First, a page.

January 5, 2016
Corporate branding enables a business to boil its identity down to its streamlined essence, which is then captured in a pallet of words, colors and images. Corporate brands are engineered to “pop,” which is a challenge on a landscape noisy with competitors.
Job seekers can use some of the same strategies to make their materials stand out. Branding is all about being clear, impactful and compelling. That is exactly what you want for your candidacy package.
When you examine your current profile, you will probably notice that certain words and themes come up repeatedly. Self-branding means claiming these terms as indicators of your professional identity by incorporating them into an elevator pitch that you use uniformly and strategically.
Once you’ve amassed a representative vocabulary, use it to mindfully refresh your materials as components that function together with a complimentary look, feel and sound. The end result sends a clear and unified message about who you are and where you plan to go professionally.
This may sound like a lot of work, but it’s a great way to refresh your materials and to mentally organize yourself for the job search ahead. Creating the streamlined clarity that makes corporate branding so impactful is a helpful communications exercise that will yield a stellar candidacy package and help you get your mind in the game. Here’s how you can do it:
Discover your essence:
Review your resume, cover letter and social media profiles. Undoubtedly you have evolved since you penned these. Also, review performance appraisals and other feedback from mentors, peers or teachers. See what terms surface.
Are you a dynamic leader? Are you a team player who relishes a challenge? Are you detail-oriented and innovative? Identify words that represent you–action words that are clear, vibrant and speak to your essence.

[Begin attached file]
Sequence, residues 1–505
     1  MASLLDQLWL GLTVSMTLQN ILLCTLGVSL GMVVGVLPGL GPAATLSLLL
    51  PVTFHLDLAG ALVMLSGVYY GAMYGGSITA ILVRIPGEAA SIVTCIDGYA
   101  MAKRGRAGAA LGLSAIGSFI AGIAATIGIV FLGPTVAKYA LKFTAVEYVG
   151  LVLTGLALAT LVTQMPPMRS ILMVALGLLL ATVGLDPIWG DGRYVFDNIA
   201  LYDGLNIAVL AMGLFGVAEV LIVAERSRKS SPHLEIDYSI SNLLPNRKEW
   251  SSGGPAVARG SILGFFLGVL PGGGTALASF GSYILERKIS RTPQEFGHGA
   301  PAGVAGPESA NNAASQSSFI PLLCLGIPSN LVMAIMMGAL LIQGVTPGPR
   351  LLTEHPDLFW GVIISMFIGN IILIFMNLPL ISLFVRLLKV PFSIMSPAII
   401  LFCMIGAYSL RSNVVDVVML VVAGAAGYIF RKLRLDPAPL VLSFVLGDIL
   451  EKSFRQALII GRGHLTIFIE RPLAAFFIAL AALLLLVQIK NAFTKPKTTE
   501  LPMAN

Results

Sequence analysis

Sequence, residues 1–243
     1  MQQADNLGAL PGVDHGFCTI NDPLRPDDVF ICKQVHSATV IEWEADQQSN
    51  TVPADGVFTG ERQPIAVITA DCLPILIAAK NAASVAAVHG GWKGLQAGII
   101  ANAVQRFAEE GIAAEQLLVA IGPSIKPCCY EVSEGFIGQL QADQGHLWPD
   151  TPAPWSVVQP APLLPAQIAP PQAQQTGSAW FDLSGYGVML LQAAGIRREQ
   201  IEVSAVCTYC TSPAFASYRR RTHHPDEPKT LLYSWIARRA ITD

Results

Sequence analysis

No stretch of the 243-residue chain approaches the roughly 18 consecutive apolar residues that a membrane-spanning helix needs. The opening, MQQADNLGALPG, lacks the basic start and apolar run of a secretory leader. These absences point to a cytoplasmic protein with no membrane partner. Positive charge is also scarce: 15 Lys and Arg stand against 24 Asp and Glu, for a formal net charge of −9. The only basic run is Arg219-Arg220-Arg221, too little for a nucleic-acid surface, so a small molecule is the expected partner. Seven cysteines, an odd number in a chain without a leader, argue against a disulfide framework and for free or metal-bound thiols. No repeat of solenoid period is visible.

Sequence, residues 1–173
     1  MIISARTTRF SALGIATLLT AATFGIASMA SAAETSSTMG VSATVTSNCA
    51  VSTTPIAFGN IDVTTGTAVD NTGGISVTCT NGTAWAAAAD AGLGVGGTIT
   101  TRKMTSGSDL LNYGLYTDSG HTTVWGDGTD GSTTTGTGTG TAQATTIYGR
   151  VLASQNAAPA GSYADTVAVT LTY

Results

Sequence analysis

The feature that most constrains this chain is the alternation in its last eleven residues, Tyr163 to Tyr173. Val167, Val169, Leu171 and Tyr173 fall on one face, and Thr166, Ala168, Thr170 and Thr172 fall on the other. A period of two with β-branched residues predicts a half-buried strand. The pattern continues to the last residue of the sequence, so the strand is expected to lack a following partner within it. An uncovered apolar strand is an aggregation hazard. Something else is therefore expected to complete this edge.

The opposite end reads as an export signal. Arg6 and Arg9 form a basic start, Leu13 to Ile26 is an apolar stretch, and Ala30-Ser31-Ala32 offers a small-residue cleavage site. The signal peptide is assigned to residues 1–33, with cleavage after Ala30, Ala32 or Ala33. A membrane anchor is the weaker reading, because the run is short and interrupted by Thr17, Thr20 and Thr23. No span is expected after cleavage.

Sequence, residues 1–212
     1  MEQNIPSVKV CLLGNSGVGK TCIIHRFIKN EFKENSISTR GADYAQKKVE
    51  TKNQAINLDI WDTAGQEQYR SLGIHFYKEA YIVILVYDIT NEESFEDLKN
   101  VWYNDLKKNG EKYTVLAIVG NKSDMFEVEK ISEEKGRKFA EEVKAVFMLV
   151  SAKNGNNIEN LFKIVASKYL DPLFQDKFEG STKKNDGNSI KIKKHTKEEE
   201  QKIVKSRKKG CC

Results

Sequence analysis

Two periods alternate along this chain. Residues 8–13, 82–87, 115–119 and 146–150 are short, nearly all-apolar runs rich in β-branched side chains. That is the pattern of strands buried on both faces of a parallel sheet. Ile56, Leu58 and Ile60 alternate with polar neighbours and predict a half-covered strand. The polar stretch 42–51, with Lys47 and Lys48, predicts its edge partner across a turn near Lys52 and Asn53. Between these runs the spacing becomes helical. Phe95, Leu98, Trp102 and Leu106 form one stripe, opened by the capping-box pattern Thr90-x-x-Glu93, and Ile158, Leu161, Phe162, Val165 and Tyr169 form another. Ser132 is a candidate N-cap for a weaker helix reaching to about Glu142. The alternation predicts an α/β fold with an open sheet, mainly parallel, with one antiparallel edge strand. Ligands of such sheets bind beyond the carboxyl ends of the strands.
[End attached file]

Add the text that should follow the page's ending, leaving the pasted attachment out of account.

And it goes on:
As you reflect on these terms, think about your brand voice. In corporate branding, this is how a company focuses its communications so its messaging remains consistent with the language of its brand. The brand voice isn’t stated. It’s an underlying thesis, a pulse of the corporation’s identity.
A job seeker’s brand voice might be articulate, creative, and management savvy, for example. It speaks to that individual’s core professional values. Identifying these values is a satisfying and productive exercise. Your brand voice is in line with your strengths, and identifying it will help you focus your communications.
Revise your materials
Once you have identified your brand voice and a bank of actions words that represents you well, enhance your existing materials with those terms. You want your materials to compliment each other as nuanced components of a complete package. They can work together or function as individual pieces to tell your story in a concise and strategic way.
Now it’s time to add concrete examples. Don’t just say you’re a “dynamic leader,” demonstrate it by citing numbers of team members or projects you’ve lead and accomplishments that happened under (or because of) your leadership.
Champion your brand
Be a good brand ambassador and use the pallet of language that represents you. Don’t stray from your brand voice. In order to be impactful, branding has to be a systematic and consistent. So carry this approach through the preparation of your materials and into your interviews. It will help you to keep yourself focused and your communication strategy clean.